Salient. An Organ of Student Opinion at Victoria College, Wellington N.Z. Vol. 9, No. 1. March 1, 1946
Film and Stage
Film and Stage
For the returning out-of-towner the movie horizon presents a rather barren prospect. Few of the old and trieds are exhibiting at the moment, and the major shows are featuring a number of what might be called post-war players.
Among these is Van Johnson who recently gave a routine hero preformance in "Thrill of a Romance"; he is notable for his effect on the Bobbysock imagination and a rather sub-standard appearance.
The Brighton Strangler
For stage one psychologists and those who are not over-reflective about the effects of concussion, this film [unclear: might] be dramatically effective. Otherwise it succeeds only too often in labouring its attempt to make plausible the process of behaviour flxation of an actor who is stunned by a falling beam in an air raid. This actor, John Loder, at the time of the accident is playing the title role of a stage play of the same name as the film in London during the blitz. Following his blow on the head he loses his memory and promptly proceeds to re-live the thing he most remembers; the plot of the play that he has lived 300 times. An original contribution to the apparently endless series of psychopathological themes, and one which is ably supported by Loder, who provides some impressive ocular and facial work.
The obvious aim of a story of this kind is suspense with perhaps a little straight horror for the less sophisticated, but it fails in both. The straight horror is too quickly done, without yells or other acoustical results of strangulation, of which there are two and a half examples. The suspense fails because, by the end of reel one, even the most indifferent are aware that the hero is about to reproduce in real life the triple murder which he commits in his play. Having been deprived of the major interest, that is the promise of the unknown, one is [unclear: forced] to be content with speculating on two minor issues. One, whether the charming but trite [unclear: Waaf] officer whom the strangler meets immediately after his accident, and who is patently intended to be victim number three, will be abolished in due course. And, two, what kind of fate awaits the hero-strangler who is not responsible for his actions, but is engaged to another heroine who thinks him dead. After two of the real life victims have fallen it becomes certain that the hero just has to die eventually; they always do. Also it is early assured that the old movie custom of not allowing one of a couple in love to be ingloriously murdered, will be observed, and that the Waaf officer will not die because she is married to an American marine.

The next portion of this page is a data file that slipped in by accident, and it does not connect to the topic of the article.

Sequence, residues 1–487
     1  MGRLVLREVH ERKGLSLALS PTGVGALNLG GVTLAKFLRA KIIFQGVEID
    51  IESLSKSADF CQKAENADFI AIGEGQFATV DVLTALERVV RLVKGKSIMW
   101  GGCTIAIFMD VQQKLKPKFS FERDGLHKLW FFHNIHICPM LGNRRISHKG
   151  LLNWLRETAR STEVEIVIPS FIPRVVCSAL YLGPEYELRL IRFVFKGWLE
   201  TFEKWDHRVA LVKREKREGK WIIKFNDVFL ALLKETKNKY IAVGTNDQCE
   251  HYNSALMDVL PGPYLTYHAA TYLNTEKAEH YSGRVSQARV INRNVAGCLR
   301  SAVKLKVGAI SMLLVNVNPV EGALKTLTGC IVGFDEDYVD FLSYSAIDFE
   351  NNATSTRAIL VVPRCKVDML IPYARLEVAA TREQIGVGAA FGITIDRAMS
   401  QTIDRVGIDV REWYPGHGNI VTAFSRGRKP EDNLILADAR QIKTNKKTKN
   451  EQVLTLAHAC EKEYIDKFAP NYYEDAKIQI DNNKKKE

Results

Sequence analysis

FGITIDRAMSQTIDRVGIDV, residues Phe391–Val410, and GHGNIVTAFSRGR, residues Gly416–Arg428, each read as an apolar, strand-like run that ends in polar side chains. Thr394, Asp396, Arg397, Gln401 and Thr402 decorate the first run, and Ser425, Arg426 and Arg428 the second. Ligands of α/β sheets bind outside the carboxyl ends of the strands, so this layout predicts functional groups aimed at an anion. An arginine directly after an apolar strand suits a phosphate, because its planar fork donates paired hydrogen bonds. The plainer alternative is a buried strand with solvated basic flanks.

The film is supported by a particularly moronic Hollywood slapstick short, and I might serve a negative function in recommending this as a show to avoid.
Madonna of the Seven Moons
To quote G.M., it is a story of sin and schizophrenia in Italy. A story which may or may not make a social point depending on one's beliefs, but I would not feel justified in saying that this film is intended to be more than a particularly tense and unknowable drama of a case of dual personality. Phyllis Calvert is the victim of a sexual assault when a schoolgirl which materialises in adulthood as a double life: a process which is not defined in the development of the theme. It is a fault of psychological dramas that the relations between cause and effect are too often excluded from the substance of the action, or even worse, are inaccurate or pander to naive concepts. In all these methods there is an impression of artificiality and unconvincingness. And this is an effect that detracts from the power of the Madonna to enthral. Uniquely enough, some of the advertising blurb which accompanied the film is actually justified in the seeing. By this I mean that there are not a few ingeniously contrived situations where the atmosphere and play are intelligent and feasible enough to arouse even those who go along to impress their companions with a blasé apathy.
Unknowable was the adjective which I used to classify one of the two main elements of the action and for that reason I would refrain from giving an outline of its development; suffice it to say that the plot is highly intriguing and unlikely.
For those who like drastic characters and can stand almost unrelieved unhappiness, this is a film to see at once.